Saturday, May 23, 2009

Departures: A journey home

Directed by:Yôjirô Takita
Writer: Kundo Koyama
Release Date:13 September 2008 (Japan)
Starring: Masahiro Motoki (Daigo Kobayashi); Tsutomu Ya-mazaki (Ikuei Sasaki); Ryoko Hirosue (Mika Kobayashi); Kazuko Yoshiyuki (Tsuyako Yamashita); Kimiko Yo (Yuriko Kamimura); Takashi Sasano (Shokichi Hirata)

I really don't believe that an award, whatever great it may be, can do anything to a film. If a movie is great, it’s so in its own right. Take for example, ‘Shawshank Redemption.’ It did not win any awards whatsoever. Yet, it's the top film in the list of 250 most-voted movies.
Yet, you expect some films to get their due, because they deserve it. Last year, I was rallying for Ali Folman’s Israeli, animated docu-drama about the 1982 Lebanon war, ‘Waltz with Bashir.’ When the film was nominated for Oscar for best foreign-language film, I expected it win the honour. The film deserved the award. Instead, the award went to an obscure Japanese film called ‘Departures.’ That’s the reason I said I don’t trust awards.
However, after seeing ‘Departures’ yesterday, I'm ready to admit that it was not a wrong choice, after all. Will I call ‘Departures’ a great film, the way I will call ‘Waltz’ a great film? I don’t know. But I will happily recommend it to anyone. It’s a rare gem, glowing incessantly.
‘Okuribito’ is decidedly a small film, like a Japanese miniature, or a bonsai, and it does not lose its focus while meditating on issues of life and death, more life than death perhaps, even though the plot ostensibly deals with dead bodies. The story it wants to tell outweighs the philosophy it tries to impart; there are philosophies nonetheless. Here’s one I enjoyed: “You have to eat if you want to live. Since you have to eat, it better taste good.” Food plays an important role in the film. So is music, so is a desire for a happy family, and other assorted issues of life, and that too when there are more dead bodies in the film than the living creatures. But the film is not about death per se. It's about understanding life through death, and death itself... the beauty of it, and how it shapes the life of those who stay behind. After his ambition to become a cello player fails miserably, Daigo Kobayashi leaves Tokyo to his countryside home with his wife Mika. All his mother had left him was a cafe, which his father used to run before he run away with a waitress when Daigo was six year old. Since then, he has not been able to come to terms with his absentee father. (There are a few sequences between the father and son in flashback, involving stones, which veers towards melodrama; but that’s besides the point...) On reaching the small, desolate town, the first job Daigo applies to is that of preparing the dead for funerals. Daigo is not sure whether he can do the job. He questions if he is being tested for his failure to attend his mother’s funeral. His first job goes really bad. But as the days go by, he finds himself more and more immersed in the job, and his cello.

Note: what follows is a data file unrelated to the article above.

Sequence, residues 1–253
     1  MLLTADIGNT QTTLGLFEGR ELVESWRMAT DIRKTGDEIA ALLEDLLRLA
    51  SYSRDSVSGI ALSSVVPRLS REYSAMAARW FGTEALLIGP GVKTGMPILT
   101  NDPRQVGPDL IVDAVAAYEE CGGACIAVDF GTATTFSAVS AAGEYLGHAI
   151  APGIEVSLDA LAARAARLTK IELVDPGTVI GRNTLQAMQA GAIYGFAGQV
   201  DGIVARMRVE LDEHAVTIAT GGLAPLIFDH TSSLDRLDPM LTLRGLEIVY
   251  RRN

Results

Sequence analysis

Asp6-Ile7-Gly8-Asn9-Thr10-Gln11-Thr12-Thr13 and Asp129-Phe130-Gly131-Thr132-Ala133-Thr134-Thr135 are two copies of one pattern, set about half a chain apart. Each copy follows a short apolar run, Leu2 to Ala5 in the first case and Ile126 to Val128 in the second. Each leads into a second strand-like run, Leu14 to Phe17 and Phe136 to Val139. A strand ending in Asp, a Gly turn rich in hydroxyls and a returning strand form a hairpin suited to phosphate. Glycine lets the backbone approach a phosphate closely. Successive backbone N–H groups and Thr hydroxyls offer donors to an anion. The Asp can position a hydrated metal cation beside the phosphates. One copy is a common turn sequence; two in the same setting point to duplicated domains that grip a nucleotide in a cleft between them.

The extended scenes of Diago preparing the dead, cleaning the bodies, changing their dress, applying make-up, from young girls to old man, can be very unsettling for viewers. But the film exists for these scenes, not vice-versa. The Japanese culture has always been fascinated by death. The film not only reinforces it, but also makes us comfortable with the idea of death.
At one point, Diago asks, why we have to work so hard if we are all going to die anyway? To this, an old man, who works in the funeral home, answers, death is not the end, it’s just the beginning of another journey, the journey home. And it’s Daigo’s job to get them ready for the final journey, and he does it with all the seriousness of an artist. Every job has its dignity, and more so in Daigo Kobayashi’s job.
The several dead bodies that Daigo prepare have their own uniqueness and those small and beautifully created scenes add to the drama of the film. There is a dead crossdresser, a wife mourned by her husband (it’s a small scene, but how the husband cries, 'Naomi,' can break your heart!), there’s a young girl dead in a bike accident, there is a patriarch, who gets kisses from his family members while lying on the coffin, and finally, Daigo must prepare his father for the last journey.
The beautifully desolate town and haunting sound of the cello adds to mood of the film, which is not sombre as it sounds, but forcefully life-affirming.

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